The research was conducted on 65,000 women and children in 53 districts
Around 30% of domestic violence survivors in Bangladesh have become victims of different forms of violence including physical torture, mental torture, economic torture and sexual torture for the first time during the pandemic, recent research has found.
The findings of the research “Life in the time of coronavirus: A gendered perspective”, jointly conducted by Manusher Jonno Foundation and Brac James P Grant School of Public Health were revealed at a webinar on Wednesday.
The research was conducted on 65,000 women and children in 53 districts of Bangladesh.
Of the 38,485 women who admitted to facing some sort of domestic violence since Covid-19-hit Bangladesh, 11,529 (30%) women said they had never faced any domestic violence before the pandemic.
Altogether 46% said they faced mental torture, 20% said they faced physical violence, 31% said they dealt with economic torture and 3% admitted to facing sexual abuse.
The research also found that men demanded more physical relations from their wives – adding to the physical and emotional burden on women during the lockdown.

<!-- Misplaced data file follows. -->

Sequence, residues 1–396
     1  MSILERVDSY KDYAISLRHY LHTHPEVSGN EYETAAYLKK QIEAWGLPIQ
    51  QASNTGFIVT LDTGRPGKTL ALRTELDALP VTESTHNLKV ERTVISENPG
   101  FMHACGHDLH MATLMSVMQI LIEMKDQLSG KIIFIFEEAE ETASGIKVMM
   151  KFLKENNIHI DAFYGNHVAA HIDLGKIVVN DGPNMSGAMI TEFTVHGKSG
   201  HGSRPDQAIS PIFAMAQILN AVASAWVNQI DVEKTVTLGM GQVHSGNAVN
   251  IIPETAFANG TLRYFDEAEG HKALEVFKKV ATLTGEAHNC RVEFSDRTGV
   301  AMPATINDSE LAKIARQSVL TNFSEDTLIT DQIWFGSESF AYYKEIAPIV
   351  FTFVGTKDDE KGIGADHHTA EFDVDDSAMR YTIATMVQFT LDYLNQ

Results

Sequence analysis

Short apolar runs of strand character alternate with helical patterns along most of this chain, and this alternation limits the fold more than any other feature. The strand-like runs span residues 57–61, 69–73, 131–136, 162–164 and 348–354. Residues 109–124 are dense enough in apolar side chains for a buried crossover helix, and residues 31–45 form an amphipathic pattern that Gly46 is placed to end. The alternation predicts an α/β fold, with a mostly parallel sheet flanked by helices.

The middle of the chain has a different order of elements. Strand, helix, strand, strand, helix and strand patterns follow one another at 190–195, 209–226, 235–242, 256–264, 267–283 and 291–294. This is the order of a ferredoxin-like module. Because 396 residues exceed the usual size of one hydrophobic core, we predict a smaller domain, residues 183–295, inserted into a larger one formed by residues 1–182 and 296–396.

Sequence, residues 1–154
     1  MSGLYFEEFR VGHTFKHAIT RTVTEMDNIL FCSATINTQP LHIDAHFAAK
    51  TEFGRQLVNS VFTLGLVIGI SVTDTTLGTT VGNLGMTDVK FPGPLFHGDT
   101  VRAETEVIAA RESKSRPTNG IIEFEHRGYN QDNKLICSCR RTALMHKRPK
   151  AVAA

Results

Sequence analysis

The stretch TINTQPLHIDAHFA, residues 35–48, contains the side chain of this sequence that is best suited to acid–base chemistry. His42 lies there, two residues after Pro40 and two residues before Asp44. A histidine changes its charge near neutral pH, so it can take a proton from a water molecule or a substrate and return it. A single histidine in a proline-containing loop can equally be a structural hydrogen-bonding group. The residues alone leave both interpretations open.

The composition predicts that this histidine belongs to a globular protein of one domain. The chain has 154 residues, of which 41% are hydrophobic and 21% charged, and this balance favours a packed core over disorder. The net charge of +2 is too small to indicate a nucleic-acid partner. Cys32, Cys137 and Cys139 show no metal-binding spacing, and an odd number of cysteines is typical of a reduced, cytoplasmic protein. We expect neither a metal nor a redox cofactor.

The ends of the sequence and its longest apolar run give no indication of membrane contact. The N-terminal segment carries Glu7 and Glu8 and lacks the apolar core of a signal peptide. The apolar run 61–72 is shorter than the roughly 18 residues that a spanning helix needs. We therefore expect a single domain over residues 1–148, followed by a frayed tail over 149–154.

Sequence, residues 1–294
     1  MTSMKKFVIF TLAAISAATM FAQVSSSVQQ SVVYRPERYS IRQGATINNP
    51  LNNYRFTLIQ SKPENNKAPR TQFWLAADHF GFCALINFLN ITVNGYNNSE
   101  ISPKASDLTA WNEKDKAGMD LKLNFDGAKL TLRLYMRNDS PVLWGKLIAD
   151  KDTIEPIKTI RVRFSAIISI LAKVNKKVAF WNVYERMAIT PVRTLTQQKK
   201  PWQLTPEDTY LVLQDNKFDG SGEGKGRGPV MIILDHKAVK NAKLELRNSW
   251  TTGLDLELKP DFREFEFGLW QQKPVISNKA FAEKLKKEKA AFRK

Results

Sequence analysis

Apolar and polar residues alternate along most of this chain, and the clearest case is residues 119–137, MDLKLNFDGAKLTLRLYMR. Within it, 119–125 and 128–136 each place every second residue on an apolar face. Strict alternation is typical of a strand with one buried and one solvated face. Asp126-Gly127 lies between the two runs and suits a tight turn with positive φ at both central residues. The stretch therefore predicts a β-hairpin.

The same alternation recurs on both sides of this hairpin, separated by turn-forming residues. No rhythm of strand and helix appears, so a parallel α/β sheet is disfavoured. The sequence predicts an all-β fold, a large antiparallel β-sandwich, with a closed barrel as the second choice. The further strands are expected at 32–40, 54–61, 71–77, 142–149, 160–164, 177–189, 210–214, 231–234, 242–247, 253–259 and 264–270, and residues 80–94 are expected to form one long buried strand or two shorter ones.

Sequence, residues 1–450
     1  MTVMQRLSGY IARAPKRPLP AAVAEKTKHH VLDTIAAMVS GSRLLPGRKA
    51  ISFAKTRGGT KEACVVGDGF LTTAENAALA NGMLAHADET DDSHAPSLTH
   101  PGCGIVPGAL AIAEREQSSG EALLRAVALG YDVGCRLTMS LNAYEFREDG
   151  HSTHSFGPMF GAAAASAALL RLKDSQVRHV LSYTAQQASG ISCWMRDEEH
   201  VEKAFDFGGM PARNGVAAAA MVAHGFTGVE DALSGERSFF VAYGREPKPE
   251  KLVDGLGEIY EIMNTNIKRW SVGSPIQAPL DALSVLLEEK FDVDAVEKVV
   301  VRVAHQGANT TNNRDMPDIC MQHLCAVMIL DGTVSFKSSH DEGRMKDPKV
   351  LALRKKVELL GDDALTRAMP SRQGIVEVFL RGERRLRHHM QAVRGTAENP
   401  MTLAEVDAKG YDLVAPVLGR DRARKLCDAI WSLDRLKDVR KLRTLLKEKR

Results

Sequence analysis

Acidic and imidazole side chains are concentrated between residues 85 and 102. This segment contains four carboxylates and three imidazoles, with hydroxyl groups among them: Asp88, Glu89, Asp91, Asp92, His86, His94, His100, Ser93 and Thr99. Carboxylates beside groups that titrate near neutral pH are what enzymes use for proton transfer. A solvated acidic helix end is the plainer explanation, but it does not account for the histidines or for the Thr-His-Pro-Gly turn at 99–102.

A 23-year-old woman in Nilphamari told the researchers: “My husband stayed at home and asked for physical relations, but I was too tired after doing all the household chores. I did not feel comfortable and I did not have any interest in having sex.
“Therefore, we had fights. My husband became violent and tortured me mentally and physically often.”
Shaheen Anam, executive director of Manusher Jonno Foundation (MJF), said that many men said that they had lost their livelihood to Covid-19 and were forced to stay at home and therefore they took out their frustrations on their families.
“Women have gone through the same uncertainties and mental trauma triggered by the global health crisis, but they did not raise their hands on their husbands. Violence against women should not be condoned,” she said at the webinar.
Shahana Siddiqui, one of the researchers of BRAC James P Grant School of Public Health, said that women had become increasingly vulnerable to physical and mental abuse caused by domestic and intimate partner violence. All issues pertaining to women – health, finance, education, social life – were considered secondary to male emotional and financial problems in the household.
Parliamentarian and human rights activist Aroma Dutta MP said both girls and boys were unable to go to school because of the pandemic but only the girl child was seen as a burden to many families.
“Why are girl children becoming victims of child marriage because the schools are closed?” she questioned.
She suggested that an 18-month plan was needed to prepare and train girls and women to earn a livelihood from their homes.
“A combined effort from the government and non-governmental organizations is needed to help these girls and women to have a dignified life,” she suggested.